Bernard hasn’t spoken so much, so many proper out-loud run-on sentences in one sitting, in a long time, maybe ever. He does tell stories of the lakes and forests for his customers, explains the flora and fauna, but it’s just rattling off myth and half-fact, it’s not heartfelt, it’s not emotional. This is different. It’s what he really feels. He doesn’t speak like this to his own mother. Yet here he is, bending the ear of a complete stranger. His cheeks grow red at the thought of it, but he perseveres. On a roll. He’s not really talking to her anyway. He’s talking to himself. And to the ghost under his feet.

“We have all nationalities in Ireland now. Not like it was before. Sometimes I see them Nigerian fellas and I imagine they are from the Mississippi Delta, or New Orleans. Silly, isn’t it? Hoping these men would pick up a guitar and play for me. Daft.”

Laura laughs with him. He does seem daft to her. Though that’s a word that wouldn’t have come so readily to her. Eccentric maybe. Odd. Peculiar. Still, she’s enjoying herself. She wonders how she would feel about a born-and-bred Texan, in Austin or San Antonio, say, who listened to nothing but traditional Irish music. There probably is such a soul, for all she knows. It’s only a Google away.

“Don’t get me wrong. I do love Killarney. It’s in my heart. As much as I’d like to visit America, this is my home. I love this town.”

“Can’t say I blame you.”

Bernard doesn’t lie. He does love it. He’s proud when the town swarms with people in summer. They say the numbers have dropped, but they always say that, always playing it down. The town is busy enough. He loves to see strangers roam around his streets, enter the shops he knows, breathe his air. He loves to hear them praise the mountains when they pass them, or tell of how they enjoyed sitting by Torc Waterfall, or the view from Aghadoe, how they adored the calm, pretty deer they saw back at the golf course, their gentle faces, the soft white spots on their flanks. It makes the hairs on the back of his neck stand upright.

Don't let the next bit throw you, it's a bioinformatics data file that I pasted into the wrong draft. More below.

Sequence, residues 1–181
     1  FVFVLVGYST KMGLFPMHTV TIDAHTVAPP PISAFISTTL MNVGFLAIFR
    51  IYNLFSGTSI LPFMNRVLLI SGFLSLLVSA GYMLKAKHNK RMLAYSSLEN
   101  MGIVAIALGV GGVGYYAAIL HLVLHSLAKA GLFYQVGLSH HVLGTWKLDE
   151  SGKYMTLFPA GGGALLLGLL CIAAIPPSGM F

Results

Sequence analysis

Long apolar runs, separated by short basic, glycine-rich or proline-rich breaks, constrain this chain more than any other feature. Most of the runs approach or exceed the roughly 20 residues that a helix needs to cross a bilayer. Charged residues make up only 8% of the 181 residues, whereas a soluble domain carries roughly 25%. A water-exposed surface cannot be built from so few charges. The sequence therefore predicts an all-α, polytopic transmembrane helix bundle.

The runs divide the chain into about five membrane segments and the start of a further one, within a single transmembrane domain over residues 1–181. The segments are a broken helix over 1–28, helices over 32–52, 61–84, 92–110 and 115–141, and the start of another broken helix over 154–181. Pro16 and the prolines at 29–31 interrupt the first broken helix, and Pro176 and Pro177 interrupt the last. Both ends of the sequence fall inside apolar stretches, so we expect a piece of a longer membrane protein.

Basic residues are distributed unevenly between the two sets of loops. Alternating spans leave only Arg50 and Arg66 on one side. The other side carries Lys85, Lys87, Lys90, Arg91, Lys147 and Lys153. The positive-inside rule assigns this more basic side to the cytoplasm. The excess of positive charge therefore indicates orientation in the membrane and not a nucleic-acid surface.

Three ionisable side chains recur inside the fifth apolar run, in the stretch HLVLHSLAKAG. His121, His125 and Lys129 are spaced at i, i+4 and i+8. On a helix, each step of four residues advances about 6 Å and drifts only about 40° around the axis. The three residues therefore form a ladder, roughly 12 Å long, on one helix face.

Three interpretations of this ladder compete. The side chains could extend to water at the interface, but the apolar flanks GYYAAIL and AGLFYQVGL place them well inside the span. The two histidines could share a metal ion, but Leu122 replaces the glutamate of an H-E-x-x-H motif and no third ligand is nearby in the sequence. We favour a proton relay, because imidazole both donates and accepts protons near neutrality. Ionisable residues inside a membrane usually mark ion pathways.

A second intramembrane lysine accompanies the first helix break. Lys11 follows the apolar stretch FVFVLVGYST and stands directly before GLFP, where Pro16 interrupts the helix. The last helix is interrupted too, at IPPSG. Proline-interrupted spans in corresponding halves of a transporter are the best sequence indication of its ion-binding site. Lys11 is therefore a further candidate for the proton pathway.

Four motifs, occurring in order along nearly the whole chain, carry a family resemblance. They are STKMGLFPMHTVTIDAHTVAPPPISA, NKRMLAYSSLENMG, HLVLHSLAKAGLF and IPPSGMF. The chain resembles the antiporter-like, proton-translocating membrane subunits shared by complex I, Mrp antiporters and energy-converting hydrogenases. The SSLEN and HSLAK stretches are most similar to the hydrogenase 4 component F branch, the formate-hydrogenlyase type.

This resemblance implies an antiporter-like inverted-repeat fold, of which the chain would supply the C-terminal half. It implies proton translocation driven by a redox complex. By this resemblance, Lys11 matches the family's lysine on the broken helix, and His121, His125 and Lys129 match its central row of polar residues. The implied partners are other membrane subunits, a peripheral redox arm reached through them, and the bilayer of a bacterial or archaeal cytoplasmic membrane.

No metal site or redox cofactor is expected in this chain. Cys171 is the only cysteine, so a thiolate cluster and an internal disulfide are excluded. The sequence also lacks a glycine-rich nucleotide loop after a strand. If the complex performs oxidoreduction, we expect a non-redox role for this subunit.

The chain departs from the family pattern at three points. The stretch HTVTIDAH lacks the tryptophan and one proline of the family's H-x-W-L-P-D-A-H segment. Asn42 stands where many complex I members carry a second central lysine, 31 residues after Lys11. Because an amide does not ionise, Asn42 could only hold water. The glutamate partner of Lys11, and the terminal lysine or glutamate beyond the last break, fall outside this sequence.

This pride. This heart-swell. He does love his town. He does. He might one day go to Chicago, or New Orleans for Mardi Gras, maybe even see B.B. King live before the great man clocks out, but he’ll always return.

“A smart-arse from Dublin once said to me that he could never live in Killarney because of all the horseshit. I told him I could never live in Dublin because of all the bullshit.”

She likes that one. Must remember it. Might be able to adapt it to her own territory.

“Would you believe they are even trying to get us to put nappies on the horses now?”

Laura knows to translate “nappy” into “diaper”.

“Trying to stop them fouling up the streets. Have you ever heard the likes? A nappy on a horse! There’s no way it’ll work. The horse would be too uncomfortable, could be dangerous. They’re just animals.”

Laura knows they’ve already tried this in some cities in America, some mounted patrol units use these “butt bags” or “poop pouches”, but she decides not to mention it.

She looks at this odd man beside her. Strange one, isn’t he? She’s glad he likes the blues. Her brother Tom will be pleased. The two men probably would hit it off. Both play guitar and bandy about the same names. They should get together. Have a jam session. Maybe she should introduce them. One thing is bothering her however, and she can’t keep it in any longer.

“Aren’t you hot?”

He is, actually.

“My mother gives out to me for carrying this old thing around.”

“Was it your father’s?”

“If it was, I wouldn’t wear it.”

Out on the lake a fisherman casts his line. There is a brief flicker as the sun reflects off the end of it, some tiny fly expertly tied. Bernard would like the artistry involved in that, tie-flying, the attention to detail it would take to make that fly realistic, authentic feathers and the hidden hook. The fly sinks under and the fisherman waits, watching the concentric circles enlarge to meet his boat.

“The blues is about suffering. And the Irish know a bit about that.”

“Do you miss him?”

Bernard takes his time in answering. He doesn’t know why he has to give the illusion of contemplation. The answer is dead clear to him.


The fisherman casts again and again. He must not give up. One cast is never enough.



If you want to buy Killarney Blues click here.